SANTA ANA, Calif. (CN) – Medical records obtained from a health care provider, social media posts and an alleged smear campaign are at the heart of a defamation case between two fan clubs who meet at Disneyland in Southern California.
Social clubs are avid fans of Disneyland’s many franchises, including Marvel, Disney and Star Wars characters. Club members are frequent guests at the amusement park and meet at Disneyland’s Downtown Disney, among other locations.
Disneyland staff and management have no part in the clubs.
In the summer of 2016, Main Street Fire Station 55 Social Club president John Sarno was approached by a member of the White Rabbits social club, Jakob Fite. Sarno’s club was set to host a 9/11 memorial walk around the park and collect donations for families of firefighters.
Sarno says he was squeezed by Fite and other White Rabbits members for $500 in protection money, with Fite claiming charity events required permission from the White Rabbits social club to go forward.
When Sarno refused, Sarno says members of the White Rabbits orchestrated a smear campaign against him and his wife, Leslee Sarno. Fite threatened to ban the Sarnos from Disneyland, according to the lawsuit the Sarnos filed in Orange County Superior Court this past September.
According to the Sarnos’ lawsuit, Fite and the other defendants posted defamatory statements about John Sarno on the White Rabbits’ Facebook page, including statements that Sarno was a pedophile and stalked young girls through texts and telephone calls. The group also used Facebook to warn people who visited Disneyland about John Sarno, the lawsuit says.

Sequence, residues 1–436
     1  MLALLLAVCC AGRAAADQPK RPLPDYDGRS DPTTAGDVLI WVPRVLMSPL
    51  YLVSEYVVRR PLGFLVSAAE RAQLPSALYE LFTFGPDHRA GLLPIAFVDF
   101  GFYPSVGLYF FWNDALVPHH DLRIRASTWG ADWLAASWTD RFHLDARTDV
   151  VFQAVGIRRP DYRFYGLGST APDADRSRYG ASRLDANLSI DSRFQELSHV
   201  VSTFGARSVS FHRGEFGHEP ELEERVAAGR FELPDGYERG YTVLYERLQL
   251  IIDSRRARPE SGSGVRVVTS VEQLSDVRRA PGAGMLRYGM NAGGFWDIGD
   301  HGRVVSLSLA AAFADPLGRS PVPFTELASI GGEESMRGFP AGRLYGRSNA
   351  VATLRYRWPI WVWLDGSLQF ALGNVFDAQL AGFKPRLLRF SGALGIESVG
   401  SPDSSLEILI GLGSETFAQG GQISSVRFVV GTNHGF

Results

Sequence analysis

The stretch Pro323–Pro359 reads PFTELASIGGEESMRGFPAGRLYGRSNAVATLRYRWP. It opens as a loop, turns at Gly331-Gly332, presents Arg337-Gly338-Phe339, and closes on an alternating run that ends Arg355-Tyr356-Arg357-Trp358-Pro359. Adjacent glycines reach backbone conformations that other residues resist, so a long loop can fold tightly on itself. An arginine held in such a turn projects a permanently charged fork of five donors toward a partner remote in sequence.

Members of the White Rabbits also had T-shirts made bearing John Sarno’s name, “warning patrons of Disney that Sarno is a pedophile and to report Sarno to police on site (sic)” and encouraged members of the group to physically assault John Sarno when they saw him, according to the lawsuit.
Copies of John Sarno’s medical records were also somehow obtained from Kaiser Foundation Health Plan, which is named as a defendant in the Sarnos’ lawsuit along with Disneyland on claims of general negligence, intentional tort, invasion of privacy, and defamation (libel).
On Wednesday, Orange County Superior Court Judge Ronald L. Bauer denied an anti-SLAPP motion to dismiss a dozen defendants from the case. He noted several of the claims, including invasion of privacy, can’t be dismissed through anti-SLAPP.
Bauer also said comments made about John Sarno fall outside anti-SLAPP because they were intended to be accusations, like the statements accusing Sarno of pedophilia.
“You think that is not an accusation, but it was,” Bauer told attorney Aaron Morris from Morris and Stone, representing Fite and the members of the White Rabbits.
Bauer cited the 2011 case Martin v. Inland Empire Utilities Agency, in which the defendant failed to make a basic showing of protected activity.
The Sarnos’ attorney, Patricia Kramer from Neasham & Kramer, called the resulting smear campaign against her clients a “wave of vigilantism” that arose online.
Earlier this week, Kaiser Foundation Health Plan moved to dismiss two claims the Sarnos made against it.
In its demurrer, Kaiser said claims that an employee was able to “hack or unlawfully access…Kaiser’s medical files and to distribute medical information” offered no clear indication how Kaiser participated in a violation of privacy and did not name a Kaiser employee who may have been involved.
The Sarnos say Kaiser violated the federal Health Insurance Portability and Accountability Act and was “negligent in its maintenance of plaintiff’s health information.” Kaiser argued there is no private right of action for a HIPAA violation and the Sarnos offered no basis for a negligence claim in California.
Bauer gave the Sarnos 20 days to amend the complaint to show Kaiser should be held liable on those claims.